We Will Revise the Amdal [to Include] Orangutans
Anton Sugiono, North Sumatera Hydro Energy President Commissioner:
THE Batang Toru Hydro Power Plant (PLTA) in South Tapanuli, North Sumatra, has sparked controversy. Although hydro power plants are more environmentally friendly compared to fossil fuel based power plants, the project is believed to have the potential to disrupt the Batang Toru Protected Forest ecosystem, home to the Tapanuli orangutans and 15 other endangered animals.
Environmental experts have taken issue with the company’s flawed environmental impact analysis (Amdal), which contains forged signatures of the document’s producers. In the latest and final document, the topic of orangutans was not discussed. To learn more of the affair, we interviewed Anton Sugiono, president commissioner of North Sumatera Hydro Energy (NSHE)—the company responsible for building the PLTA—in November 2018 at the Dharmawangsa Hotel, South Jakarta, and on several other occasions.
How long has the Batang Toru PLTA been in progress?
Since around 10 years ago, not long after we successfully built the Asahan PLTA. The project began with a feasibility study, which we financed ourselves through NSHE. This is a different company from [the company that built] Asahan, which was built by Bajradaya Sentranusa, although there are shareholders in common. We began the power plant business in 1995, when everyone else was more interested in coal.
The Batang Toru PLTA is designed to accommodate basic demand for power. Why was this revised to maximum demand?
That was the wish of the energy and mineral resources ministry. To us, it’s technically easier to cater to basic demand. But the government wanted the energy source to also supply electric power during peak demand. This is why the Batang Toru II and III projects were included in the electricity procurement plan.
Why was the capacity raised from 240 megawatts to 510 megawatts?
It wasn’t actually raised. After all, the water volume stays the same. This is simply a different model for operations. Because it was designed for run off and peaker, operating patterns will become optimum during peak demand. Our power plant operates 24 hours a day. Of the four existing turbines, at least one is in operation. It depends on the volumetric water flow.
So the river water will be contained for 18 hours to accommodate peak demand?
This information came from a report by a mining company in Martabe, who was worried it would have difficulty disposing of waste into the river. The report’s assumptions and analyses are completely mistaken. It’s impossible for us to contain [the water] because there would be a drought downstrean. If we had wanted to do this, the project would certainly have been rejected by the government.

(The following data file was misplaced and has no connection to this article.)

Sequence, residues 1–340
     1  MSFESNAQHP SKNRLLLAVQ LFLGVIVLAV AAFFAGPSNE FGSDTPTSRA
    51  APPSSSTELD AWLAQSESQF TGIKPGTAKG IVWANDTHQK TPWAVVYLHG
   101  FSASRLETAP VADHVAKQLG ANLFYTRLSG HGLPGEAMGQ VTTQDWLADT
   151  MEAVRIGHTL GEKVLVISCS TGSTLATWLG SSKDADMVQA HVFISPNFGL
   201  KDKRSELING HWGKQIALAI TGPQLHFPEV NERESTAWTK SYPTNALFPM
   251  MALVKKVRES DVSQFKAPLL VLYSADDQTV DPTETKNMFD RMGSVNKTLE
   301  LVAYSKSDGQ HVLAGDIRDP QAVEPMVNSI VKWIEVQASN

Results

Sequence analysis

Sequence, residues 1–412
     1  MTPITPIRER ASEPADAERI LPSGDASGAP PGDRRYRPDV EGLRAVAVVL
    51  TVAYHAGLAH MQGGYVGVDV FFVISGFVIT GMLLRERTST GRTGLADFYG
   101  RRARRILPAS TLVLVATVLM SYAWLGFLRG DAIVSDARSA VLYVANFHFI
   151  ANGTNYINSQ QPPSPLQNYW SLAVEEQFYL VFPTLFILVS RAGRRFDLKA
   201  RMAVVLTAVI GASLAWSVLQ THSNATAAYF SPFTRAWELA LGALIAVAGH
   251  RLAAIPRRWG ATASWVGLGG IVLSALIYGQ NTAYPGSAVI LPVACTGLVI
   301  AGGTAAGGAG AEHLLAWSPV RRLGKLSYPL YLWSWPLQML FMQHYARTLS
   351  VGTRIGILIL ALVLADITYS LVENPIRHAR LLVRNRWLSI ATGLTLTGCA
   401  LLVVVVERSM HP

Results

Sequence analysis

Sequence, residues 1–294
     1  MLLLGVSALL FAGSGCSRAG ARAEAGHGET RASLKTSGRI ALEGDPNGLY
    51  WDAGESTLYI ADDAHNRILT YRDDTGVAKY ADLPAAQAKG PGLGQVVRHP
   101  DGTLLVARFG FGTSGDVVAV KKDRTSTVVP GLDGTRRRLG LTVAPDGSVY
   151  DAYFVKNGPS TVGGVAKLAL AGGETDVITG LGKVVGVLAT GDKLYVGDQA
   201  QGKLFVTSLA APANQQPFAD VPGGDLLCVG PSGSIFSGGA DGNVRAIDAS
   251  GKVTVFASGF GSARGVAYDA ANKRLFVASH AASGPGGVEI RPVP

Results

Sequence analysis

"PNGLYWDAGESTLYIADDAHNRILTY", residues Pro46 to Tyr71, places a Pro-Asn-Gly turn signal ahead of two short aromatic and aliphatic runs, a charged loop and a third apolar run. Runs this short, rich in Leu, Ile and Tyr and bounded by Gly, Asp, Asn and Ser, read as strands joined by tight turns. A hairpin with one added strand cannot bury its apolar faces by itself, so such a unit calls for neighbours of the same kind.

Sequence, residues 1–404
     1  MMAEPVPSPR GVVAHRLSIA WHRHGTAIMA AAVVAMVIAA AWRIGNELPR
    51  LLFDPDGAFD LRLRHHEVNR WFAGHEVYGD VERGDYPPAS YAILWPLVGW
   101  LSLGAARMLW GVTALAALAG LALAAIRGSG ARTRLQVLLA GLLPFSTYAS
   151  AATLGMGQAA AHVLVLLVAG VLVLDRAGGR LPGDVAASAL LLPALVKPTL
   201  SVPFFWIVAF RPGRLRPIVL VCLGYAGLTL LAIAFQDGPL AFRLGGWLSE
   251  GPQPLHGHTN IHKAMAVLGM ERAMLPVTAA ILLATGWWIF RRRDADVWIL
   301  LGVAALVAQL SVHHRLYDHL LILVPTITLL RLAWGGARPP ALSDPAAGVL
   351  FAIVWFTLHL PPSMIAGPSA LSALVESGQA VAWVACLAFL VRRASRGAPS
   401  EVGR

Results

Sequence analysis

There is concern there might be flooding downstream during peak demand.
Floods happen when the river’s daily volumetric water flow goes above 325 cubic meters. Meanwhile, the Batang Toru River’s lowest volumetric water flow is 50 cubic meters. Even during heavy downpour, the river’s peak water flow can reach 700 cubic meters. There’s flooding even when it goes above 325 cubic meters, let alone 700 cubic meters. Floods were already happening before the power plant was built.
What about the orangutans threatened because of this project?
We built the project while referring to the Amdal. But there was nothing about orangutans in the Amdal. This is why it’s currently in the revision process. We are following the guidance of the environment and forestry ministry.
The 2014 Amdal mentioned orangutans, but not the most recent Amdal. Why is this?
During the feasibility study, our consulting company embraced the Ekosistem lestari Foundation and the Sumatran Orangutan Conservation Program. They said there were orangutans but never said that the project would eradicate them. Why did they not explain this in their survey report?
(Ekosistem Lestari Foundation Director Burhanuddin: We did not work with NSHE directly. The survey we performed was only a biodiversity survey of what was found there and their populations.)
The project area is vast, meaning it can disrupt the Batang Toru ecosystem.
Our location permit is only for 600 hectares. Only 122 hectares are permanently functioned for the needs of the power plant, meaning only 0.07 percent of the total area of the Batang Toru ecosystem of 163,000 hectares.
The government processed the permit very quickly. Was it because of the three Pasaribu brothers?
The signature was given quickly, in less than one day. It was the process of getting the signature that took a long time. In regard to Panusunan Pasaribu’s appointment as commissioner, we appointed him because the people looked up to him. No connection with Syahrul, because he became South Tapanuli regent after that. I only became acquainted with Gus Irawan one month ago. If there are people who are making connections, sorry, but that’s cruel.